Helaine: We knew we wanted somewhere between 12 and 16 as a minimum and when we started having classes in the space, it became pretty clear that we could fit a little bit more and not compromise what the experience everyone was getting. So 19 fits really comfortably in our current space.
NYLP: And how’d you come up with the price per class?
Helaine: We went back and forth for a while. I actually think that the value we bring to the consumer is much higher, but this is our start-up location and there’s not a ton of amenities, which people look for at this point, especially with these big houses out there, so we’re at 32, which is pretty competitive and I really do think you’re getting quite a bit for your money.
NYLP: How did you choose the location?
Helaine: Location was a no-brainer for number one. It had to be Union Square.
NYLP: Had to be?
Helaine: Had to be.
Helaine: That is the mecca. It’s become the fitness hub in Manhattan and because I’m a consumer, I know that you need somewhere centrally located, especially if you’re going with coworkers or old coworkers of friends that are coming from different parts of the city. You can get to Union Square from anywhere and you can get out to anywhere from Union Square. So I needed to have that, that mecca of people coming to and from to be able to start this thing so people could just check it out.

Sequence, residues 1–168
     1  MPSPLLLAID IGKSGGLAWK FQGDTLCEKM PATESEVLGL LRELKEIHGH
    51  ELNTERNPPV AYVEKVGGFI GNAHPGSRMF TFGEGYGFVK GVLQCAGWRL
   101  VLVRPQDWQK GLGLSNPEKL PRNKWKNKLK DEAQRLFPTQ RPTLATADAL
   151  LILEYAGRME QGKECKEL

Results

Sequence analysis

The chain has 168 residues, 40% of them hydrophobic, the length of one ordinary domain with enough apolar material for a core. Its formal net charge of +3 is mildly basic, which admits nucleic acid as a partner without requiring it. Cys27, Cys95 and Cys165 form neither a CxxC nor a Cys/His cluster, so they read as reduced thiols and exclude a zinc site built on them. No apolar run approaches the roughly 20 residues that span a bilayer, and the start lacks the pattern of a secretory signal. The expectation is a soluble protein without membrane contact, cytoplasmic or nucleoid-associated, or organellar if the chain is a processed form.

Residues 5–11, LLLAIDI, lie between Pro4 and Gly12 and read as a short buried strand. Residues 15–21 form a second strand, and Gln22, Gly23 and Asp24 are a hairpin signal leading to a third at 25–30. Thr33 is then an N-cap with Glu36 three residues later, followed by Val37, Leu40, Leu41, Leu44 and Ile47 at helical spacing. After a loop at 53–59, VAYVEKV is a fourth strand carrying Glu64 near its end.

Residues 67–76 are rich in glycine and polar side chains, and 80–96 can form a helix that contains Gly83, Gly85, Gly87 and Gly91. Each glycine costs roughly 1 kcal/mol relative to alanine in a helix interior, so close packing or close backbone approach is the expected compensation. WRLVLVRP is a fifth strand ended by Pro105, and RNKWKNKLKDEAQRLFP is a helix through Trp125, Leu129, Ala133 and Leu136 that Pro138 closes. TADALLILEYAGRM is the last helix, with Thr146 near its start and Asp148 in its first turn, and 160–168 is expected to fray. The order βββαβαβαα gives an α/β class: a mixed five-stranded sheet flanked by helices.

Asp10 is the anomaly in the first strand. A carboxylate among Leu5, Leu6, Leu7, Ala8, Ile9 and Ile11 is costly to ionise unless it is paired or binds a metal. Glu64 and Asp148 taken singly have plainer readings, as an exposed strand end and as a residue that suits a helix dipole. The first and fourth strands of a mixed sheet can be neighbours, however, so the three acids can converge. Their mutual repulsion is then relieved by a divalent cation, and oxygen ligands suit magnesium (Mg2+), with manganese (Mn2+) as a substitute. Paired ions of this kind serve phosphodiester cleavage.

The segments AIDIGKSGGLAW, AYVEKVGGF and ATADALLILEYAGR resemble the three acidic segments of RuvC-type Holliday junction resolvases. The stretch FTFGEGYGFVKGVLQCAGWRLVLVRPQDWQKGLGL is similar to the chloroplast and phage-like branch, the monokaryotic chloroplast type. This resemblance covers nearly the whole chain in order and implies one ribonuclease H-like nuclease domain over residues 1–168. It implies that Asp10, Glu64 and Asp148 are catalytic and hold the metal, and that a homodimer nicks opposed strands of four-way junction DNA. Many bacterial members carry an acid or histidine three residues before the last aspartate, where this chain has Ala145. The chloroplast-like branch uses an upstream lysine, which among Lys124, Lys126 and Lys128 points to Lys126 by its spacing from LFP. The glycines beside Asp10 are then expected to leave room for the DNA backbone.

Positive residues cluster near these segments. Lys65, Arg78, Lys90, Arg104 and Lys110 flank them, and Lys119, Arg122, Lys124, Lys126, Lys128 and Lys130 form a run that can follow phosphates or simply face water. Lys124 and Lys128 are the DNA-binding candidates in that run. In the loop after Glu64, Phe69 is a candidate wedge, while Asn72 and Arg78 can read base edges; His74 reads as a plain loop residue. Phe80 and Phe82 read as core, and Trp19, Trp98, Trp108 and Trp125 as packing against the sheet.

NYLP: Who’s your target consumer?
Helaine: That’s a great question, one that we really talked a lot about in the beginning. You know, are we going to be skewed more towards male or older people or former rowers but the truth is that CityRow really appeals to everyone. There is a really scientific way that we built our programming so that you can be in a class as maybe a triathlete next to my dad next to someone who’s overweight and just taking their first class because you can grab five pound weights, you can grab ten pound weights. You can do five reps, you can do two reps and whatever you put into the class, you’re going to get out of it. But it is built in such a way that anyone can go in there in the same class and have a fantastic workout together.